Cognitive-behavioral therapy, according to Blanchard & Hickling (2006), is better for dealing with chronic PTSD than supportive psychotherapy. On the other hand, the supportive psychotherapy approach was noted to be more effective than the Wait List control condition that contained two detailed assessments. The same results were produced when categorical diagnostic data were used (Winston, 2006). This finding has very significant implications in the way PTSD issues are handled in the Australian healthcare system. Although all the three approaches are used in the management of PTSD, preference is not given to each of them depending on the aspect of effectiveness.
Yutaka (2008) did a study of injured patients in order to assess both the onset of psychiatric illness after motor vehicle accidents in Japan in comparison with Western data and predictors of PTSD. The predictors of psychiatry were also assessed in this study, whereby evaluation was done immediately after the traumatic event. It was found out that PTSD and psychopathology after traffic accidents in Japan is very common and that the incidence of these events is within the range that has been reported in western counties.
Such findings are very necessary in this era of evidence-based treatment, especially for a country like Australia where guidelines for treatment of PTSD and ASD have been developed. The guidelines, which were developed by (ACPMH) Australian Centre for Posttraumatic Mental Health, were not meant to be a replacement of expert clinical advice. According to Winston (2006), failure to identify adverse responses among PTSD patients immediately after road traffic accidents are a major hindrance to medical interventions in Australia.
Instead of reflecting the changes that continue to take place in terms of evidence-based research, the guidelines seem to be a reflection of the consensus that have been emerging on hour best to manage PTSD and ASD. A significant gap exists between routine clinical care and evidence-based PTSD treatment.
The PTSD-related complications highlighted by Holeva, Tarrier & Wells, (2005), Fuglsang & Moergeli (2005), and Mather & Tate (2005), have a direct significance on the healthcare interventions being carried out in Australia to day. Holeva, Tarrier & Wells (2005) highlight the critical role of follow-ups after the initial tests are done following road traffic accidents.
The Australian guidelines can be summarized into two main categories: psychological and pharmacological interventions. In the psychological perspective, adults with PTSD need to be provided with trauma-focused interventions. The various elements of cognitive-behavior therapy to be considered include Eye Movement Desensitization, reprocessing and vivo exposure. Non-trauma-focused interventions, including relaxation and supportive counseling are not supposed to be provided to PTSD adults at the expense of trauma-focused interventions.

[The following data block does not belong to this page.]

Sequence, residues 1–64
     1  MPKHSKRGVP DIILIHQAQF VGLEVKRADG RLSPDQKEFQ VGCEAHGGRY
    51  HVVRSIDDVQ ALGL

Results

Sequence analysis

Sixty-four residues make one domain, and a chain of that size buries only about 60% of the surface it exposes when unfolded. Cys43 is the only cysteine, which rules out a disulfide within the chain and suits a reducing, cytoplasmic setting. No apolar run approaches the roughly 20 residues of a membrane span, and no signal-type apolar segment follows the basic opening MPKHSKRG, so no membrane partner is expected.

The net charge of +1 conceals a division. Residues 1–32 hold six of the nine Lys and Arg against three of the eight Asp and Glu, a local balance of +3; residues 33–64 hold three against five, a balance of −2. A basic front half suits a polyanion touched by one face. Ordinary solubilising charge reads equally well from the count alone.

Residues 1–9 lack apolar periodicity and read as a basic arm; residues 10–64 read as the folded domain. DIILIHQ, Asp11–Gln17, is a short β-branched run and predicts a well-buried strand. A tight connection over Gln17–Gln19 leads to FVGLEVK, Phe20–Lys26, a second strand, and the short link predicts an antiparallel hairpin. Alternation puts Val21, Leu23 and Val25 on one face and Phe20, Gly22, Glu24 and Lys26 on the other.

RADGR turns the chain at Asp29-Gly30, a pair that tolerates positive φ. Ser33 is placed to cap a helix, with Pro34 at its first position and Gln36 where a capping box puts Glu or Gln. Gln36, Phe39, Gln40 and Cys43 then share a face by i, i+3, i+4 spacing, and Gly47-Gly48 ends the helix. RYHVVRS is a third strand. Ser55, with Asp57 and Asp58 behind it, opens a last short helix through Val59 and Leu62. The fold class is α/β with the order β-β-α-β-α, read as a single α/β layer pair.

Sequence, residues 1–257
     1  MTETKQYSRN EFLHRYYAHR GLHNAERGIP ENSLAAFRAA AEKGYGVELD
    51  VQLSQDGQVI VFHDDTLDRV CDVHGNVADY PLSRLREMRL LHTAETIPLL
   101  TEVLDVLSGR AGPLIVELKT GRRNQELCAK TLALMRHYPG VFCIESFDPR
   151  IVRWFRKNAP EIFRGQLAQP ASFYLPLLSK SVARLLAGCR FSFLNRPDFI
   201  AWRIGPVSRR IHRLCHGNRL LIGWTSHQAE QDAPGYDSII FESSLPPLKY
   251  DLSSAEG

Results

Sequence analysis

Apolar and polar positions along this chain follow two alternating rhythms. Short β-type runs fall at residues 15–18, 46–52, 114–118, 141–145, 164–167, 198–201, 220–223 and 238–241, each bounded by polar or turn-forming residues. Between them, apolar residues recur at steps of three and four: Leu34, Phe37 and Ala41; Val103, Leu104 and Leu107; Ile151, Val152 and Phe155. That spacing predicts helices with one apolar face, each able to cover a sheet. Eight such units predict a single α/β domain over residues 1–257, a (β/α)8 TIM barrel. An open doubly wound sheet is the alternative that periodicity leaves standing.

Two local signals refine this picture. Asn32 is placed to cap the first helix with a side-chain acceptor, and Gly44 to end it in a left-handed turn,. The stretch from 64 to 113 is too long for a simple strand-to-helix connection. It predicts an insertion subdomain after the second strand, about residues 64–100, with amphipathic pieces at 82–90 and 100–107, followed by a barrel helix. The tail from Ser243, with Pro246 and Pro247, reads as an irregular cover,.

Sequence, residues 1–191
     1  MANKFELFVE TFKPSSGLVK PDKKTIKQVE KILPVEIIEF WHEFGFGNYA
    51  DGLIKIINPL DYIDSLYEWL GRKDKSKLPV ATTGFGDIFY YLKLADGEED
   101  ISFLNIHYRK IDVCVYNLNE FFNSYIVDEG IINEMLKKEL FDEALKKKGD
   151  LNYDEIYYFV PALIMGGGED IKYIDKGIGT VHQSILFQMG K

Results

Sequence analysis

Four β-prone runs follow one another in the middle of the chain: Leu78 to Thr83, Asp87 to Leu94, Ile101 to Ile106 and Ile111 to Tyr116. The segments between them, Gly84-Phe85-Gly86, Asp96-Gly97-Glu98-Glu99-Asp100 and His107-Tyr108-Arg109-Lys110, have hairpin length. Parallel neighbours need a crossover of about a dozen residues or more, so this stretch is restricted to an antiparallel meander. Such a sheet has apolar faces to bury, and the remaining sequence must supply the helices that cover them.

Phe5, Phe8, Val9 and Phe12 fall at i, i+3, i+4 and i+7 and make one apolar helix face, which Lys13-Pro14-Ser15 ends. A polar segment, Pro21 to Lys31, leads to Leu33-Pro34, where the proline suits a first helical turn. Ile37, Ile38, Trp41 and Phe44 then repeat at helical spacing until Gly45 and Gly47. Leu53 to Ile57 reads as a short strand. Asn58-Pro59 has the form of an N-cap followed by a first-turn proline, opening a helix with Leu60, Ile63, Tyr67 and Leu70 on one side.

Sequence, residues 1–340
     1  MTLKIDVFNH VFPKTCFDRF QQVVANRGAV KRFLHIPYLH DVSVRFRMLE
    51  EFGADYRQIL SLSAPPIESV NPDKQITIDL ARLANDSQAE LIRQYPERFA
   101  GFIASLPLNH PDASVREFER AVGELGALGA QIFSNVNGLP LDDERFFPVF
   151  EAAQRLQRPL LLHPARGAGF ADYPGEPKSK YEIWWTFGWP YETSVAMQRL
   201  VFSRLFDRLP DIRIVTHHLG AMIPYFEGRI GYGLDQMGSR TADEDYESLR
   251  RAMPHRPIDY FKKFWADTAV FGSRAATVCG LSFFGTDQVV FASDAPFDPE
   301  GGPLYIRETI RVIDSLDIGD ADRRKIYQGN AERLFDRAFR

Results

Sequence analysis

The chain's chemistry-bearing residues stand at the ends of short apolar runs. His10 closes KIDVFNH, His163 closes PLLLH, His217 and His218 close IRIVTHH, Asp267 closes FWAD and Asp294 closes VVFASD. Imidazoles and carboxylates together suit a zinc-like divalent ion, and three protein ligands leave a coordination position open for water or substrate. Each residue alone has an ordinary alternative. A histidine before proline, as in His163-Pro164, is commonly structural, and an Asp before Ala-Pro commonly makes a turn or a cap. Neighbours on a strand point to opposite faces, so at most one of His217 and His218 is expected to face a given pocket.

Schnyder & Wittmann’s (2008) research supports the pharmacological interventions provided for in the Australian guidelines for treatment of PTSD and ASD. The symptoms observed by Schnyder & Wittmann (2008) in their research six months after the road accident are the ones that are used to derive the pharmacological insights for PTSD patients.
Early intervention is one of the measures that are emphasized in the Australian guidelines, in which case, psychological debriefing on a daily basis is discouraged. Immediately after a traumatic event, practitioners should carry out a ‘psychological first aid’. This first aid normally takes the form of monitoring of the victim’s mental state, encouraging the use of social support, provision of emotional support, and self-care strategies.
However, Schnyder & Wittmann (2008) indicates that PTSD and ASD do not occur frequently following road accident injuries, the way it had previously been reported in the literature. This is contrary to the advice offered by the Australian Guidelines, whereby early intervention is emphasized.
In conclusion, post traumatic Stress disorder (PTSD) following road traffic accident continues to be a major health challenge to both adults and children. In the Australian healthcare setting, efforts to deal with the PTSD challenge have led to the creation of guidelines on how the condition should be managed. Two main issues are highlighted in these guidelines: (a) the best time for psychological and pharmacological interventions, and (b) the best approach for helping PTSD sufferers. An important cautionary measure highlighted at the outset is the fact that these guidelines should not take the place routine evidence-based clinical procedures.
Recent literature on PTSD interventions contradicts the guidelines with regard to the timing of interventions. Earlier on, medical literature, on which the guidelines were based, hinted on the need to embark on the need for early psychological and pharmacological interventions. However, Schnyder & Wittmann’s (2008) findings indicate otherwise. More research is needed on the nature of the PTSD interventions needed and the right timing for them to be carried out.